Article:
It was bound to happen. Theatre Coup d’Etat has spent so much time taking Shakespeare seriously that they were destined to stick a pin in Shakespeare at some point and have a little fun with him. The perfect play with which to do this, of course, is Jess Borgeson, Adam Long, and Daniel Singer’s accelerated comedy tour of Shakespeare’s plays The Complete Works of William Shakespeare (Abridged). The wacky play shows its Fringe Festival origins, being extremely simple to produce, requiring only three actors to get the job done.

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THEATER REVIEW | Casting Spells Productions' "Disenchanted!: A New Musical Comedy That Gives Fairy Tales the Bird" does just that at Illusion Theater

The cast of Disenchanted! sing their wishes in "Once Upon A Time". Photo courtesy of Casting Spells Productions, LLC.

Disenchanted!: A New Musical Comedy That Gives Fairy Tales the Bird is a very timely show. In the past year, numerous memes have swept across the Internet critiquing the tropes of Disney fairy tale princesses, roasting the company’s brand management for altering beloved characters’ body proportions, and presenting alternative takes on everything from costume designs to post-credit-aftermath to the fundamental morals derived from the stories that the company has adapted. At the same time, the Disney/Pixar steamroller continues to cut across (and, according to some, pillage) cultures, with millions of official Frozen Elsa costumes reportedly sold in the lead-up to Halloween. That these trends do not sit well together gives ripe potential for comedy, and this show cleverly revels in those tensions.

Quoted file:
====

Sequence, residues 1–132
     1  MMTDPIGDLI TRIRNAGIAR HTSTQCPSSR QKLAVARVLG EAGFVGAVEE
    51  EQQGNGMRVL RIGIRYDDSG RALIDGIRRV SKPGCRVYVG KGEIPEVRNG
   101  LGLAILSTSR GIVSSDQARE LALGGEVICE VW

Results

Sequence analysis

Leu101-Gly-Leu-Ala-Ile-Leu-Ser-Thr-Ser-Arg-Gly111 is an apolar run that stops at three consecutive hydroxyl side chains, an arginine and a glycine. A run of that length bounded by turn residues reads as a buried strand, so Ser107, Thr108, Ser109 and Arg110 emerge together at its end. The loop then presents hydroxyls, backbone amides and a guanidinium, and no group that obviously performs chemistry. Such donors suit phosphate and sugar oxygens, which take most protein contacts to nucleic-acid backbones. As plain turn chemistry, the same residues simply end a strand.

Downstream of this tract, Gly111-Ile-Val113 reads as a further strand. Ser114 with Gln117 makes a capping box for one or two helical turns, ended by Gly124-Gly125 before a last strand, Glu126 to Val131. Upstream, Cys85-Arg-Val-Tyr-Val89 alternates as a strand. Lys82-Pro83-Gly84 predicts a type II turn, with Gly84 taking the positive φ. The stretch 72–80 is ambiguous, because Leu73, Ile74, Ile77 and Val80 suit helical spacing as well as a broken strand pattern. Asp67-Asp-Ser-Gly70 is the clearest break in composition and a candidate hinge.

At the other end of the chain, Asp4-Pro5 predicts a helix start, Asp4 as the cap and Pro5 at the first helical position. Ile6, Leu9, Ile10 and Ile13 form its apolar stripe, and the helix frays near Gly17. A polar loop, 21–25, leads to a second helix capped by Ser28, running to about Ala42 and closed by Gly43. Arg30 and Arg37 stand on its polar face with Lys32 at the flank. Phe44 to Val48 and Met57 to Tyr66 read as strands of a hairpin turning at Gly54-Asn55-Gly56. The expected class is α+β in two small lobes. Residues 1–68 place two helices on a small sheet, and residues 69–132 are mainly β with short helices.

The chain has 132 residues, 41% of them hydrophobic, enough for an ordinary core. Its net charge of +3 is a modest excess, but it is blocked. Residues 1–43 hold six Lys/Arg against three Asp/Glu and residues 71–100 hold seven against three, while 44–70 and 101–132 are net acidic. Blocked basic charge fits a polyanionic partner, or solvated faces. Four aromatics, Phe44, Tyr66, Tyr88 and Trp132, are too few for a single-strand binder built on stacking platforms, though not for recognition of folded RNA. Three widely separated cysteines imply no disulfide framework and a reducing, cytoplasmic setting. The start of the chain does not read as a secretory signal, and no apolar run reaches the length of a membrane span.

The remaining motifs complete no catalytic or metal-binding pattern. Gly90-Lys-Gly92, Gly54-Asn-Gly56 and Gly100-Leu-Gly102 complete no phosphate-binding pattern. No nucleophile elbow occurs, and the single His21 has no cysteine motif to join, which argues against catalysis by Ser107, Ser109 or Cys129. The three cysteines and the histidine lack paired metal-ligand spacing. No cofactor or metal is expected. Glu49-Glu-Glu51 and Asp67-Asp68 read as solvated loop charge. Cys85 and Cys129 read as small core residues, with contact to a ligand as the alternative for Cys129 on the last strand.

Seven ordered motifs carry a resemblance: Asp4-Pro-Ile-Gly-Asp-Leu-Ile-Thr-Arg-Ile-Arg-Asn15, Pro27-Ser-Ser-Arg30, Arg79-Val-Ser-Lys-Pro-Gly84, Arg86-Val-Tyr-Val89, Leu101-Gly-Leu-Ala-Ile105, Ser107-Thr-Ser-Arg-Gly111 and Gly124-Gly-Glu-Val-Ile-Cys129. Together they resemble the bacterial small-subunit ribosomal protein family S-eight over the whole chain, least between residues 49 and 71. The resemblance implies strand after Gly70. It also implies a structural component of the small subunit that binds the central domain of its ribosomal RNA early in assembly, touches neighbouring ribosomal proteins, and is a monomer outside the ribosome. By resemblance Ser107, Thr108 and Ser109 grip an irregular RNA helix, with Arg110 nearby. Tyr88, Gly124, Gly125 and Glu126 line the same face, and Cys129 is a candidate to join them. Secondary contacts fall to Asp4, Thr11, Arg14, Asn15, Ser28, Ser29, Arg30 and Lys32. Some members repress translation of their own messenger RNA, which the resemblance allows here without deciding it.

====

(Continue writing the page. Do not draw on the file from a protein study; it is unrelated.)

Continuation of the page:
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THEATER REVIEW | Classical Actors Ensemble's "Twelfe Night" and "The Duchess of Malfi": Half a good double feature

The cross-dressing Viola (Marika Proctor) of Twelfe Night, and the doomed Duchess of Malfi (Hannah Steblay) in Classical Actors Ensemble's latest double bill; photography by Zach Curtis

I should probably say up front that I’m the perfect audience for Shakespeare's romantic comedy Twelfth Night (or, Twelfe Night, as they spell it here), and I’m probably the worst audience for something like John Webster's tragedy The Duchess of Malfi. So take everything that follows with a grain of salt and that context in mind. 

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THEATER REVIEW | Minnesota Opera puts a sweet spin on "Hansel and Gretel"

Photos by Michal Daniel

Hansel and Gretel was a beloved fairy tale long before it was collected by the Brothers Grimm and published in 1812. In this classic story, the eponymous children are sent into the woods by an angry mother and run afoul of an evil witch who ensnares them with a mix of magic and alluring candy. For parents who think trick-or-treating has gone too far (and those who just enjoy a bit of demented fun), Minnesota Opera’s decision to open the opera the day after Halloween is a piece of genius.

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THEATER REVIEW | Bloomington Civic Theatre's "Next to Normal": Mental illness portrayed without sugarcoating

Diana (Karen Weber) ponders flushing her treatment plan down the drain. Photo by Vicki Madsen.

Next to Normal, now playing at Bloomington Civic Theatre, is an unusual and powerful piece of musical theater. Its gripping narrative of mental illness and the people caught in its tow helped garner the show eleven Tony nominations in 2009, and both its score and orchestration walked away from that ceremony with prizes. Done well, it is a stirring drama cut with quips of dark comedy, accompanied by sumptuous yet economical orchestration and moving songs. It’s also the sort of show that you should really just go see without reading about the plot, lest you spoil several major surprises.